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Farmers guard against avian flu

Producers are working with government bodies and industry groups to prevent the disease from spreading

Local egg producers and chicken growers are on high alert for the highly pathogenic avian influenza (H5N1) in farmed birds. Commonly known as "bird flu,'' the contagious viral infection can affect several species of food-producing birds including pet birds and wild birds.

The Canadian Food Inspection Agency (CFIA) is working with industry producers to prevent the flu from spreading while containing outbreaks across the country. There are cases in southern Ontario, Minnesota, and Manitoba. Anyone with farm animals must practice good biosecurity habits.

In Thunder Bay, farms need high standards of biosecurity year round for prevention of all risks, including avian flu. Stricter guidelines include more sanitizing measures and restricted areas for deliveries.

Tyler Breukelman, co-owner of Vanderwees Farms and Thunder Bay Feeds, says the Vanderwees Farm serves as a distributor and no longer farms poultry for egg production. They are also the local egg grader for local producers.

"We purchase all of our eggs from Steinbach, Man., and we have our own trucking system to get them here,'' he said. "We have another company called Thunder Bay Feeds where we manufacture animal seeds and we sell day-old chicks through there as well as live full grown chickens."

Breukelman works with two hatcheries, one in Steinbach, Man., and one in southern Ontario, neither of which are inside the infected areas, making it safe to bring the animals into Thunder Bay. If a hatchery was in a quarantined area, all distribution from there would be halted with nothing coming in or out of the facilities.

"Last year, we were able to go down (to Manitoba) with our trailer and I could walk into their barn, talk to the farmer who helped me load the truck and I would handle the chickens myself,'' he said.

"This year, before going down there I needed to disinfect the inside and the outside of my truck and my trailer at our facility here. The crates that the chickens are going into all have to be disinfected here. Once I arrive in Manitoba, I have to go through the whole process again of disinfecting the cages. Once I pull into the farmers yard they have to disinfect the outside of my truck and when I am backed up to the facility I'm actually not allowed to step into the barn at all or handle the birds until they are loaded into my trailer.''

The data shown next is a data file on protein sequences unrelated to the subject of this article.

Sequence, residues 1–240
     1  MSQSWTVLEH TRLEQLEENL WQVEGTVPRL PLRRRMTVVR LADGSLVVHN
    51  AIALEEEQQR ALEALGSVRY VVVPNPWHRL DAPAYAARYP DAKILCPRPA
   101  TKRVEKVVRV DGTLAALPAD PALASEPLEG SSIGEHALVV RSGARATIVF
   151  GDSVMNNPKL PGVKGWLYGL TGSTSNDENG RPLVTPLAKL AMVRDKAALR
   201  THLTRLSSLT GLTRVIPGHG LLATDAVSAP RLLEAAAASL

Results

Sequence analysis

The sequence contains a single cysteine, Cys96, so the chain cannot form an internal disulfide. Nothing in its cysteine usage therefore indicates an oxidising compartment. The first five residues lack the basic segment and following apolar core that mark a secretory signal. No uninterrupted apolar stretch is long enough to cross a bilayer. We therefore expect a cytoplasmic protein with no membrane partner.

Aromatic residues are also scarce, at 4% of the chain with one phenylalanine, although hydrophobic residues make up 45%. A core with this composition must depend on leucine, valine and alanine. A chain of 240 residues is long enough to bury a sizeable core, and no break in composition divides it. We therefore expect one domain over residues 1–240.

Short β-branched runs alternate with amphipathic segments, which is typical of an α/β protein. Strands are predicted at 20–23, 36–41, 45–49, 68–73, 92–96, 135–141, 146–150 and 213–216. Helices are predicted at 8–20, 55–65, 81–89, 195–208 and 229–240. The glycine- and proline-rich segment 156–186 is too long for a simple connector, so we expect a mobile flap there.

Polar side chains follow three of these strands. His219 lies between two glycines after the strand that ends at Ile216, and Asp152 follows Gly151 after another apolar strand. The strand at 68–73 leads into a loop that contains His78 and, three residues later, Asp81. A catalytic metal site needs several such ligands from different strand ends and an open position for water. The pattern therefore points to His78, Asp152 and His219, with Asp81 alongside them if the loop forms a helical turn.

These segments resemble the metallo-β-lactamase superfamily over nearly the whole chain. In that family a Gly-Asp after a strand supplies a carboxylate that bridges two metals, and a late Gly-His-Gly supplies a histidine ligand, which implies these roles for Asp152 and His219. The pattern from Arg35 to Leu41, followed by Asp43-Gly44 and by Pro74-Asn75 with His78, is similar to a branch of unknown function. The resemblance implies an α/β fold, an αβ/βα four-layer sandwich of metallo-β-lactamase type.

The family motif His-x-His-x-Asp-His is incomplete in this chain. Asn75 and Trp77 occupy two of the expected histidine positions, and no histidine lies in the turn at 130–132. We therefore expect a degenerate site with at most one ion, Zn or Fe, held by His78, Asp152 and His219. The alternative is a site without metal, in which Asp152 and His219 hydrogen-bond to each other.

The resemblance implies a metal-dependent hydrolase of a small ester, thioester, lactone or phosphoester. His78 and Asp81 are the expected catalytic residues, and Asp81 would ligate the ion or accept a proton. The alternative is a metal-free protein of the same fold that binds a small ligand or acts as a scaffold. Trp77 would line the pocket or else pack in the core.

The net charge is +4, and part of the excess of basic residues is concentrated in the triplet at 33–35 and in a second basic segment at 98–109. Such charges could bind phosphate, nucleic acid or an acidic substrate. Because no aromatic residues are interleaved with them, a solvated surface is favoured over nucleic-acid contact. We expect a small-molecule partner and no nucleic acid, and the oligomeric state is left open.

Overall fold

Breukelman says there is an extra heightened sense that something is happening but for the most part all normal biosecurity procedures are in place and it's not anything that they're not used to.

Avian influenza is spread through a fecal-oral route. Birds become infected through direct contact with feces or secretions of infected birds, infected food, contaminated surfaces and water supplies. Wild birds can transfer the virus by their feathers, feet or dander.

"There's always a level of concern,'' says Breukelman. "We could have a flock of geese fly over Thunder Bay and a handful of them are infected and now it's in the soil where they've done their business. Another bird picks it up, flies to a small farm and does the same thing in their field where their chickens go. So there's always that level of risk and concern.''

Breukelman credits the Chicken Farmers of Ontario (CFO), which oversees all the poultry operations, with providing valuable information for farmers on prevention and biosecurity measures.

Jon Hollway and his wife Ali operate Corbett Creek Farm and partner with Morning Moon Farm to bring people their signature meat and vegetable program. Their customers receive a box of vegetables every two weeks and a box of meat every month from what is available from their farm seasonally, through the summer. Hollway is arming himself with a solid education around avian influenza and takes part in many webinars to learn more.

"This is our first year doing artisanal chickens and yeah, we're definitely monitoring things and doing everything that is recommended,'' he said, adding that they produce beef and pork at their farm as well. "There's new measures in terms of limiting exposure with other firms and biosecurity stuff that we do anyways, and we are definitely going to make sure that we do our best to limit any exposure.''

Over at the family operated Tarrymore Farm, grower Jenny Groenheide says the avian flu "isn't an issue (for them) at this point.

"It mainly comes in with the migratory birds and we don't have a lot of those in our area _ and our chickens are contained. They're not outside,'' said Groenheide. "Unless they're mingling with the wild birds, or being able to pick up bird droppings or anything like that, there's not a very good chance of being infected.''

She added that the big thing, as with any flock of chickens, is you have to practice good biosecurity protocols.

And that's something that we've done as long as we've had birds,'' she said.

Protocols on her farm are similar to other area farms and include non-access to barns if you are not a worker on that farm. Different boots or shoes could potentially be a biohazard risk if entering the barn.

You have to follow good biosecurity protocols, make sure your boots are clean, make sure the equipment you're using, like shovels and whatever in the barn, hasn't been outside with the potential of them becoming infected in any way,'' she said. "We don't let people in our barn and, by the same token, we don't go in somebody else's barn.''

Groenheide is confident in the local Ontario Ministry of Agriculture, Food and Rural Affairs representative who keeps them abreast of any risks. She says. "You need to pay attention to those people that are helping you in your industry. We can lean on those people to be our source of early warnings.''

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